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This is the accepted manuscript version of the article from The American Journal of Medical Quality, 2022 Mar 17.

The final published version of the article can be found at the journal's website:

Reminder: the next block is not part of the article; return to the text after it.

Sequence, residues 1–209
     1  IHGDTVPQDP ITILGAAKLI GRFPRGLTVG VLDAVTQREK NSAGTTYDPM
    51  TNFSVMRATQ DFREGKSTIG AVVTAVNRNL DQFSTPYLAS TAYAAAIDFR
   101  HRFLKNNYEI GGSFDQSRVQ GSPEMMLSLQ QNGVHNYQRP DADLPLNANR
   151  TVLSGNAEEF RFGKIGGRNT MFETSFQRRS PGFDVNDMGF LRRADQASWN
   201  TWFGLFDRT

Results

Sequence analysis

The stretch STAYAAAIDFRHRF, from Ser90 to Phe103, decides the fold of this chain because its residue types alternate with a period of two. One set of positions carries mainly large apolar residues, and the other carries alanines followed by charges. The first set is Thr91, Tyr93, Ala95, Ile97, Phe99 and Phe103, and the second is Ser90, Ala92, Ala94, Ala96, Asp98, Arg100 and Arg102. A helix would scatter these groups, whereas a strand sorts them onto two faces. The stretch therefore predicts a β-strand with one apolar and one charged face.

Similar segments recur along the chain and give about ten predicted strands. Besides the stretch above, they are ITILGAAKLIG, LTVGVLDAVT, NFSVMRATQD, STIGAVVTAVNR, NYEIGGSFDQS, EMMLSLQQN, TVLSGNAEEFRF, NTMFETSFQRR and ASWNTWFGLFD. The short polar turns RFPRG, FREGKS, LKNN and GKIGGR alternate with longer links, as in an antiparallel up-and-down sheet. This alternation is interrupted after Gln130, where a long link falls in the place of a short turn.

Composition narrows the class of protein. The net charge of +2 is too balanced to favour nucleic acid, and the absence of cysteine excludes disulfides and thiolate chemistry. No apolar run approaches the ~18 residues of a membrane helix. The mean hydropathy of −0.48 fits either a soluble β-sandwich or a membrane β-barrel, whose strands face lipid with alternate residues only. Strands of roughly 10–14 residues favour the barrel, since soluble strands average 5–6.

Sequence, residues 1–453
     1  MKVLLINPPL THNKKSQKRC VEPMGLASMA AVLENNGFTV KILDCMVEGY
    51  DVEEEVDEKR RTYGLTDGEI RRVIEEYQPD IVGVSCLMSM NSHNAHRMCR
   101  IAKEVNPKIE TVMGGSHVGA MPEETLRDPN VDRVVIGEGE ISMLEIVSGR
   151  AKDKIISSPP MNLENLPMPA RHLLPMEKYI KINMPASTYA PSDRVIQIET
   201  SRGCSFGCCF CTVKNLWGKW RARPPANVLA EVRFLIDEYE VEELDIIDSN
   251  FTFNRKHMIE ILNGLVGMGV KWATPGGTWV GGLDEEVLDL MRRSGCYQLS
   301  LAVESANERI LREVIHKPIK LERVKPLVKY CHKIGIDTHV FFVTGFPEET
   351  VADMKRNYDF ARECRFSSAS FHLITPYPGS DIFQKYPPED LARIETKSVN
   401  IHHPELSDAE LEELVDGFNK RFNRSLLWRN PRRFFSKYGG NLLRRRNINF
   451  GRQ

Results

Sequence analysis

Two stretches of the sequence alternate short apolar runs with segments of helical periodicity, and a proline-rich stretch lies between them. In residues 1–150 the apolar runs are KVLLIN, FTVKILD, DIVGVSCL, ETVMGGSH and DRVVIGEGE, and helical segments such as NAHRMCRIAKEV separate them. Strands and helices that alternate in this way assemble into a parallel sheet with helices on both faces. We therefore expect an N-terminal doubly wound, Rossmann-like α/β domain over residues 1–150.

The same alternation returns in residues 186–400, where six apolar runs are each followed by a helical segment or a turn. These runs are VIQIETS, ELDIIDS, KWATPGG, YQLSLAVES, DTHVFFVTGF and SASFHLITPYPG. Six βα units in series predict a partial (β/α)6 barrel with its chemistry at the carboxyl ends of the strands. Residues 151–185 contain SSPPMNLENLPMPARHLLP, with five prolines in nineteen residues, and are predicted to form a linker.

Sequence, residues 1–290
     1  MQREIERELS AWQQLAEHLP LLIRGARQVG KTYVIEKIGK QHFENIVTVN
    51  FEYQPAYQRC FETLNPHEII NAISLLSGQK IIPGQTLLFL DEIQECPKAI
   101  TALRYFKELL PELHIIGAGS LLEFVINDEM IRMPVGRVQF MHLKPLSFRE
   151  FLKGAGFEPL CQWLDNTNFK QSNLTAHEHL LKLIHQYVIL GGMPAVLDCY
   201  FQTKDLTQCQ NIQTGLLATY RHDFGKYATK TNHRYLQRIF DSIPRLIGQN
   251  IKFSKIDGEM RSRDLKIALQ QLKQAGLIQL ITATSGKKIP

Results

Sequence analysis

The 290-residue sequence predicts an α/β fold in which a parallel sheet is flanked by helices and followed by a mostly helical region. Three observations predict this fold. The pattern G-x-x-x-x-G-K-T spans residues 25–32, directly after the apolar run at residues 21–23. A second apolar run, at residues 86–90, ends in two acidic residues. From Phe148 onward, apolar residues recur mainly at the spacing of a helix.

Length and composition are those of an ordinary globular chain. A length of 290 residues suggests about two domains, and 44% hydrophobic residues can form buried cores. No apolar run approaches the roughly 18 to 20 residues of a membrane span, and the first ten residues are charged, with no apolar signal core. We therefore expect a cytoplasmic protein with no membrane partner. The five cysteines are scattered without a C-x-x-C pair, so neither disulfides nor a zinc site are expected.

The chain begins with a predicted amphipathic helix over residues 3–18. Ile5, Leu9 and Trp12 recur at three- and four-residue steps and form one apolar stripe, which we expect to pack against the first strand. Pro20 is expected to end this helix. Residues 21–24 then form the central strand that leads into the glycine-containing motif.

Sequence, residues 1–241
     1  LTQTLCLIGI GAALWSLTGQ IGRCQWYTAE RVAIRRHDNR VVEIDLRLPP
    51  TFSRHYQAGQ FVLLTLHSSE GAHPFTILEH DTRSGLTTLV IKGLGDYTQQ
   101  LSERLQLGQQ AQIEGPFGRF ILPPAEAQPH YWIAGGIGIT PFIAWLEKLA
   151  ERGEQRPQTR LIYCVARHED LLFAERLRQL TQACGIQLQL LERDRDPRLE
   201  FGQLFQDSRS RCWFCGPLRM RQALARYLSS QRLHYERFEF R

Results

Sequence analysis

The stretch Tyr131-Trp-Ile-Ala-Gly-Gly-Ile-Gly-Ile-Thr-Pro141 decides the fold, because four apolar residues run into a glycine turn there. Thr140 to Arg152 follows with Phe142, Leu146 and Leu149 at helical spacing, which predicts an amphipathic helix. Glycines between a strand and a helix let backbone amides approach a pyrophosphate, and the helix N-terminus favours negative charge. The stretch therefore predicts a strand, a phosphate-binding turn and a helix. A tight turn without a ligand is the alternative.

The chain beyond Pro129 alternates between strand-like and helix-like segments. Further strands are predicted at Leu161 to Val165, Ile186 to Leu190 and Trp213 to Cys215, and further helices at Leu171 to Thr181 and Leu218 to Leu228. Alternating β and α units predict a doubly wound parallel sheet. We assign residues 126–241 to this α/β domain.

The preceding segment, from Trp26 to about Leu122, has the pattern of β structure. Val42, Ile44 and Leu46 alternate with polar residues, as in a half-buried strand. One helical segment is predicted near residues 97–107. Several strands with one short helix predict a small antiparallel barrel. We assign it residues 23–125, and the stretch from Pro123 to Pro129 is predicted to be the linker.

Individuals eligible for lung cancer screening (LCS) are at risk for atherosclerotic cardiovascular disease (ASCVD) due to smoking history. Coronary artery calcifications (CAC), a common incidental finding on low-dose CT (LDCT) for LCS, is a predictor of cardiovascular events. Despite findings of high ASCVD risk and CAC, a substantial proportion of LCS patients are not prescribed primary preventive statin therapy for ASCVD. We assessed the frequency of statin prescription in LCS patients with moderate levels of CAC. Among 259 individuals with moderate CAC, 95% had ASCVD risk ≥ 7.5%. Despite this, 27% of patients were statin-free prior to LDCT and 21.2% remained statin-free after LDCT showing moderate CAC. Illustratively, while a substantial proportion of LCS patients are statin-eligible, many lack a statin prescription, even after findings of CAC burden. CAC reporting should be standardized, and interdisciplinary communication should be optimized to ensure that LCS patients are placed on appropriate preventive therapy.

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